My theme of paperbacks-I-took-to-Edinburgh continues; on the way back, I read most of The Bird of Night (1972) by Susan Hill, and then finished it later that weekend.
I’ve read quite a few of Hill’s novellas over the years, though mostly the ones that have come out more recently – so it was interesting to see how she was writing 40+ years earlier in her career. There is even a very young, quite morose, picture of her on the back of my 1976 Penguin paperback, when Hill was presumably around my age. Unlike me, though, Hill had already published six novels by the time The Bird of Night hit the shelves.
The opening sets the tone of the novel:
Once, during the summer we spent at Kerneham, Francis locked himself in the church for a whole night. I found him there, at five o’clock the next morning, huddled up beneath the pulpit. It was cold. He could not feel safe anywhere else, he said, and then he began to weep, as so often happened, and shouted at me through his weeping, to understand the truth, that he deserved to be locked up, why would I not admit that and see to it, why had I driven him to do it for himself?
That is what I remembered this morning but I do not know why one bubble should break upon the surface rather than another. I should be content that I remember.
Francis is Francis Croft, a renowned and garlanded poet (though Hill wisely gives us, as far as I can recall, no lines of his poetry – his greatness is not tested on the page); the narrator is Harvey Lawson. He is describing their relationship from the distance of years – where he is the protector of Croft’s reputation. Or, rather, he keeps mostly schtum about Croft and insists that there are no papers to share (though there are). And his reflections take him back to their shared history: they meet incidentally, and develop an intense and restless friendship. It is intense chiefly because of Croft’s mental illness and descents into madness.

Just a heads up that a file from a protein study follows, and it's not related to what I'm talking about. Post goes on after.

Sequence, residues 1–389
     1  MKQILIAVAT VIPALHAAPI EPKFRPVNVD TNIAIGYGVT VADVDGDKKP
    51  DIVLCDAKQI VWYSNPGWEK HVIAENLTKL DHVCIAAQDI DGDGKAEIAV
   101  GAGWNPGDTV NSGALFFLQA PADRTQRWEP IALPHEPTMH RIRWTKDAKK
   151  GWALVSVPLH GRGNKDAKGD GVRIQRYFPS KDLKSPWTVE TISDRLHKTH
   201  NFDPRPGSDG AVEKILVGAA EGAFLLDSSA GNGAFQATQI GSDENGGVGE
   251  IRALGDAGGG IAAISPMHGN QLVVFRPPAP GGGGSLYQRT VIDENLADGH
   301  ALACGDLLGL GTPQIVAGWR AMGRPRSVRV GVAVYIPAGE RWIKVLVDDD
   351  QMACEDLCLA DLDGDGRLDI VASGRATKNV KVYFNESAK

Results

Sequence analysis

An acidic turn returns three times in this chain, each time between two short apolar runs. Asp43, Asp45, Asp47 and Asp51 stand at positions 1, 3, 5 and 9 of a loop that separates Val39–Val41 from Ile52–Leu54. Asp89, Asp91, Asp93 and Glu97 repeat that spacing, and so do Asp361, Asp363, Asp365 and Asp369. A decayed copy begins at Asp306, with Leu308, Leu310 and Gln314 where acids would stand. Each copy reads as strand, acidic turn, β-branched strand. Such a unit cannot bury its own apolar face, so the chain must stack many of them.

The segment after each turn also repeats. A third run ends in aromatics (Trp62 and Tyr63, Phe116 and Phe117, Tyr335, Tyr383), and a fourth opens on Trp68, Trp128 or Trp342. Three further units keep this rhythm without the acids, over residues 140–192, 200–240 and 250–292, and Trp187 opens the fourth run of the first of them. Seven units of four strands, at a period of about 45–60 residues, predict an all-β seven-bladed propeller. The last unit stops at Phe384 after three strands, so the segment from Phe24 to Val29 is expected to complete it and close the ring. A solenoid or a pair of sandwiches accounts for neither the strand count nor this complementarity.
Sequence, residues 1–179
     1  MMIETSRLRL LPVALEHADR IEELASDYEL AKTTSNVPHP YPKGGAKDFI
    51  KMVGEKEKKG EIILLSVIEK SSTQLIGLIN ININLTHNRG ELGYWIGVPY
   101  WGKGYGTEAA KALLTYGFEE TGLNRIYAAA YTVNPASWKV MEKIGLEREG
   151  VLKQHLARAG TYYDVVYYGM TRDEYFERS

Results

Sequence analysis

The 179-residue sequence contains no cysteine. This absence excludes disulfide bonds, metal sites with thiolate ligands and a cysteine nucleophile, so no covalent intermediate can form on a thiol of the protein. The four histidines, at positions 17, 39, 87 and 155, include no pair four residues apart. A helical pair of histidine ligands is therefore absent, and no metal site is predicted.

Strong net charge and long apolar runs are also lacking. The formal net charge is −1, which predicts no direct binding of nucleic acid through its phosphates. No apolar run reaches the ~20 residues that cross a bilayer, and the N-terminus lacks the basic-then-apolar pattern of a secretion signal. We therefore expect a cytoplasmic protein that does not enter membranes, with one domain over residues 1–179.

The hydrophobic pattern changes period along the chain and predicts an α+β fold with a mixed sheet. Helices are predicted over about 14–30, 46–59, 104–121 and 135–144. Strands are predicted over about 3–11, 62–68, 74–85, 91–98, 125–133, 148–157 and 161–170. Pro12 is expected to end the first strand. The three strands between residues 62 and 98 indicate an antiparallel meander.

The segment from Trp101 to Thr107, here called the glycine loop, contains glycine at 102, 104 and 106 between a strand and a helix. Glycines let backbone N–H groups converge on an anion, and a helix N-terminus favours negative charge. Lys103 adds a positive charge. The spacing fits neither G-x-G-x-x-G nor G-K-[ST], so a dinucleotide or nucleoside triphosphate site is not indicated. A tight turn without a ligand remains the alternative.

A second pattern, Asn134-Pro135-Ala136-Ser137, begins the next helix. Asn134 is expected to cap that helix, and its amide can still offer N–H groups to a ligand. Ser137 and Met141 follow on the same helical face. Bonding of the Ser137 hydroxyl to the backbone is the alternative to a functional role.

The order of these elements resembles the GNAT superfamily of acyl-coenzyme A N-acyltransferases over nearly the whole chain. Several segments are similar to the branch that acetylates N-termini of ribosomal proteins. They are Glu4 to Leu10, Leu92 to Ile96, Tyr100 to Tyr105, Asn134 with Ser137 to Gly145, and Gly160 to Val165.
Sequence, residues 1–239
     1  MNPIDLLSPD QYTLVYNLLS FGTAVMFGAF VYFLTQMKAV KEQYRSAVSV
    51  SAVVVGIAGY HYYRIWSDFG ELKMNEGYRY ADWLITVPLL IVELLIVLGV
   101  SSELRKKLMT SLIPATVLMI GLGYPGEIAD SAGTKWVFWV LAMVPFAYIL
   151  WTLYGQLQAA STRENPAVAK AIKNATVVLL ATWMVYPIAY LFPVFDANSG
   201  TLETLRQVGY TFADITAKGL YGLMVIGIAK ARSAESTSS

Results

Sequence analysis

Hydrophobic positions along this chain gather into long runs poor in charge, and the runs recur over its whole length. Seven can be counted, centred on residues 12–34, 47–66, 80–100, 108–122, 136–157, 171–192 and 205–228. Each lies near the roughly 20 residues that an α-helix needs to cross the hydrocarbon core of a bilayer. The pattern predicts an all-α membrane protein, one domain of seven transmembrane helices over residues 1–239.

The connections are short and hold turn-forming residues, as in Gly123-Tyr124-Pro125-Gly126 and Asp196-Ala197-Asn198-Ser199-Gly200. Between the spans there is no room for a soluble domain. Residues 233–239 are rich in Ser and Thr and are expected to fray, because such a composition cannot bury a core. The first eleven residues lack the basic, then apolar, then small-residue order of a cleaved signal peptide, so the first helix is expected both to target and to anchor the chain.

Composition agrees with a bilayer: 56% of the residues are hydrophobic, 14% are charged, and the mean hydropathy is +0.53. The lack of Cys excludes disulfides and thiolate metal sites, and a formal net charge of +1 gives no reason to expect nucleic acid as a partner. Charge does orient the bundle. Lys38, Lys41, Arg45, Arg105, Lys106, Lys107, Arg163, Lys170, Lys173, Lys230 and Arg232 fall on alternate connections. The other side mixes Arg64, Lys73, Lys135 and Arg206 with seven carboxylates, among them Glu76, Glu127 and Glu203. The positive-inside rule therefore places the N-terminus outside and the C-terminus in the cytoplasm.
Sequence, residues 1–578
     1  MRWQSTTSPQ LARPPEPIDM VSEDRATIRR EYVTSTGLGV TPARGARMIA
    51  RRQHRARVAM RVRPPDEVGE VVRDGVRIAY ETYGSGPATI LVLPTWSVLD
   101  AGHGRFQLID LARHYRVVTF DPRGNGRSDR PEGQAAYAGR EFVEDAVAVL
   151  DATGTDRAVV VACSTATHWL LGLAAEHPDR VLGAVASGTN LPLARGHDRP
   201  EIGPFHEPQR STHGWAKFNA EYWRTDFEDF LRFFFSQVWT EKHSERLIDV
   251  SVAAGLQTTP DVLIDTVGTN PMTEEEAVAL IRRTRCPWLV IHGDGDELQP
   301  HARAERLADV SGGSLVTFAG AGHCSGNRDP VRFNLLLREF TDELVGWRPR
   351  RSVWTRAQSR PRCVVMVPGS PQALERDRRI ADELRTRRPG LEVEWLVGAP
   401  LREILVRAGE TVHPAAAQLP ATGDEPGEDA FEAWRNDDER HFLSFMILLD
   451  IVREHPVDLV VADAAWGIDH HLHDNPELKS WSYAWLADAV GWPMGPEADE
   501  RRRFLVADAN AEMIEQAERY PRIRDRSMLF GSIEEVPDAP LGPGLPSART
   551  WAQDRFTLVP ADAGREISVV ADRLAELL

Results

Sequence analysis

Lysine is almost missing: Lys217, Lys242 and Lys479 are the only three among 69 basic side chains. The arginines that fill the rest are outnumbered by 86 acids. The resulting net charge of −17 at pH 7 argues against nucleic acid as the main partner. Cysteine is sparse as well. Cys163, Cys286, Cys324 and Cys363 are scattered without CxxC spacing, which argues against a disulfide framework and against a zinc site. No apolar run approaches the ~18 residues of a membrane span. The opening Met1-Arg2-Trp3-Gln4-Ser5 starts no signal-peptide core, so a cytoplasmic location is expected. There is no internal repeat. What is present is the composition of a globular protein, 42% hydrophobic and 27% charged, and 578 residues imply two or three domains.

And this is the trajectory the novel follows. Somehow it is hard to describe the plot; it is more a portrait of a friendship (or more? It is never clear). But the faint structure matters little, and that is because of the strength of Hill’s writing here. I always think she’s at her best when she is looking in detail at the minutaie of relationships between individuals, or characters’ introspections and self-analysis (and how rare is that? Usually that’s where authors fall down). Here is Harvey describing looking after Francis during his most troubled times:
But the cycle of Francis’s madness was never a regular or predictable one. I had prepared myself for days, perhaps weeks, spent closeted in that dismal flat by candlelight, having to comfort and support him through his deepest apathy and depression. Certainly, for the next two days he stayed in bed or sat slouched in a chair looking as though he were half drugged, his eyes blank and all his attention turned inward upon himself. He hardly spoke to me and when he did answer a persistent question, it was with a monosyllable. He would not shave or eat or read, but only sat up once in a while and muttered to his own hands. “It’s all wrong, I tell you, it’s all wrong.” Once I caught him staring at himself in a mirror, his face very close to the glass. He looked puzzled. “I’m afraid we have not been introduced,” he said to his reflection. “I do not know your face. Should I know your face? Is this a good party?”
Much of the novella follows this pattern – a detailed, nuanced, and interesting depiction of mental health and a troubled friendship.
Of the many ways in which Hill writes fiction, I think this might be my favourite – something like an extended character study. I have read somewhere that Hill doesn’t rate this amongst her best novels, but I would put it up with In the Springtime of the Year as containing the best of her writing that I’ve read.